Have you looked at your significant other lately and wondered, “Where did the romance go?” Maybe it was the day he was snoring in the recliner in front of the Sunday football game. Or maybe it was when she spent an hour on the phone giggling and gossiping, oblivious to your presence in the room. Maybe neither of you has washboard abs or killer legs anymore. Maybe her glorious red hair is almost white now. Maybe his thick black curls are only a fond memory. Maybe the last time you danced together was at your cousin’s wedding thirty years ago. Where DID the romance go?
When a couple first meet and are attracted to each other, each wants to put their best qualities up front. They dress carefully, they try to agree on most things, they use their best manners. In the passionate early stage of their relationship they can’t get enough of each other. The room lights up for them when they see each other. Every day they discover something new and endearing about each other. She hangs on every word he says He marvels at how interesting and exciting she is. They laugh at each other’s jokes.
These passionate feelings arise from the thrill of the unknown. The relationship is new. There is so much to discover about each other, so much to experience together. But after a while, the passion starts to lessen. They know each other pretty well. They know what to expect from each other.
If they get married or move in together, the passion flares again – the thrill of the unknown is back! What will the future bring? Where will their life together lead them?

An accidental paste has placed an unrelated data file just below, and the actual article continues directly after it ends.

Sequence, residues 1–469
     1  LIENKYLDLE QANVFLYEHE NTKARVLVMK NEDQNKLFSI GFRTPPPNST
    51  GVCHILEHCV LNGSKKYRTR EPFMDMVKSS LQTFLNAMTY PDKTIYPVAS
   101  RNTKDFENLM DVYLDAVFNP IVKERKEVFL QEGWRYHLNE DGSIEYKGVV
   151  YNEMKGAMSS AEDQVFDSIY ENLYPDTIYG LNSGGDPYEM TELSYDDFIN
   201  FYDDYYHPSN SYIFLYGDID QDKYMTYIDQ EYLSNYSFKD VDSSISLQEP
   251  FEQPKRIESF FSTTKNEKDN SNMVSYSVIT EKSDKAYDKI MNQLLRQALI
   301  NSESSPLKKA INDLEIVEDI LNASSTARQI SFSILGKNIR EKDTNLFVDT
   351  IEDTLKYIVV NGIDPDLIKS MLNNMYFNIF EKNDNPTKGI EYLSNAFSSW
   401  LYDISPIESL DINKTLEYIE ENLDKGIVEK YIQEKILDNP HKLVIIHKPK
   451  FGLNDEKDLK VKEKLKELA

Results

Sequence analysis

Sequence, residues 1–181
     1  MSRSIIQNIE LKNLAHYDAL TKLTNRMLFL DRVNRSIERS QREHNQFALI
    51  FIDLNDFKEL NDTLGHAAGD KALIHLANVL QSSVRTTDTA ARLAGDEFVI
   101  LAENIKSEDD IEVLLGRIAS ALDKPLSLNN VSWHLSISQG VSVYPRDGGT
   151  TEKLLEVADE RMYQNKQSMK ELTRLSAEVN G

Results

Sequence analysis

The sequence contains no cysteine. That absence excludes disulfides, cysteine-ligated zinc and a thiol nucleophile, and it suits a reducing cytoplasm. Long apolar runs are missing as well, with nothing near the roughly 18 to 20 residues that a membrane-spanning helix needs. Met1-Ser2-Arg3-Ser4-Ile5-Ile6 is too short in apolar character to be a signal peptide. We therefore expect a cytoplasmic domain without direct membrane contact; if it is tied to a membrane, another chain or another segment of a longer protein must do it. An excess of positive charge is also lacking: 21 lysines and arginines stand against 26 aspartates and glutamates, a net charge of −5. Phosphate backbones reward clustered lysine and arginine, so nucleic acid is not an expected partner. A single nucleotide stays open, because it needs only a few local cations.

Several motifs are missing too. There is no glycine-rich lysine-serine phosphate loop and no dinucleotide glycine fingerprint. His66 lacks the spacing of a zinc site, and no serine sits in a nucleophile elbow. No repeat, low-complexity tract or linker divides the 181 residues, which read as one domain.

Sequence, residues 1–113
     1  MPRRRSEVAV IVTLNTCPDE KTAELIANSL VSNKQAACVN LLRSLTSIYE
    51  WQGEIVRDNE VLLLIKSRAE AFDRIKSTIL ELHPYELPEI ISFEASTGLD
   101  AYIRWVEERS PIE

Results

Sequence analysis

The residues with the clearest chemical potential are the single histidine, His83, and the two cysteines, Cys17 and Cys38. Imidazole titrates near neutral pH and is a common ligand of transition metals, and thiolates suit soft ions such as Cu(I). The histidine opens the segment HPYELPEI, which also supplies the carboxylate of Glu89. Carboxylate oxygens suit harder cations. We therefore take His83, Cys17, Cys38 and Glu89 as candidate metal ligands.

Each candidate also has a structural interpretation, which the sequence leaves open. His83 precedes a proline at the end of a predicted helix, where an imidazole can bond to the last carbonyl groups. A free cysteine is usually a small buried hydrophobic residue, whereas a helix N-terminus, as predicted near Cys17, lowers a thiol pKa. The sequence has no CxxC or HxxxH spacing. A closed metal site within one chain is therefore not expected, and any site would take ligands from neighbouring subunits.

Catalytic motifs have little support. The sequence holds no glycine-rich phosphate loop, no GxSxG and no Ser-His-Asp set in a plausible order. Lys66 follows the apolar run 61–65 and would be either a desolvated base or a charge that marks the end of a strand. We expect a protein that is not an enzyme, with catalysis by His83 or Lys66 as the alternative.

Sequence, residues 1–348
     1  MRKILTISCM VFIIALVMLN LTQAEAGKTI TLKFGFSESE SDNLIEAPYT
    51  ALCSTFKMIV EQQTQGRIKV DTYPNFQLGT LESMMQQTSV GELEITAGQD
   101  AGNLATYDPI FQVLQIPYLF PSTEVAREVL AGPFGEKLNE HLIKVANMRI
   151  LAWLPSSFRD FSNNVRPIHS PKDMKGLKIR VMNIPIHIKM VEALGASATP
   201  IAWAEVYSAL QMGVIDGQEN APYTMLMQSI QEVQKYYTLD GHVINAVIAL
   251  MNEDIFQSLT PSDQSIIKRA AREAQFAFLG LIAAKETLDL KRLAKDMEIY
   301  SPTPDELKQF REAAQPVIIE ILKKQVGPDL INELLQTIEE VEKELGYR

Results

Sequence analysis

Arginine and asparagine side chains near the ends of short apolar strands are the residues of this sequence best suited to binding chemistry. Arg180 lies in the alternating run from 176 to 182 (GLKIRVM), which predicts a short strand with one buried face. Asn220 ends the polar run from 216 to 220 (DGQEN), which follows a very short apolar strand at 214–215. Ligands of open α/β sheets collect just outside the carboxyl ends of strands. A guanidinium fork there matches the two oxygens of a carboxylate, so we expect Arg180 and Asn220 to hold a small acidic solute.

And if they have a child, they set off on yet another happy journey into the unknown.
People experience these same feelings in other “unknown” situations as well. Think of how you felt when you landed your first job. You got it! You were actually earning money! You wanted to do your best! You enjoyed learning the new job! But as time went by, your boss was overbearing. You didn’t get paid enough. The job was boring. The thrill of the unknown was gone.
Do you need this “thrill” to have a strong relationship with your significant other? It doesn’t make sense, as the “thrill” will inevitably lessen as time goes by. When you know each other well, the good and the bad, and you have learned to get along, to forgive, to trust, to share your feelings, to support each other through all the ups and downs, you can relax and be yourselves, knowing you will always be there for each other. This is called companionate love. This is the “graduate degree” you get after the passionate thrills have evened out. And the room still lights up when you see each other.
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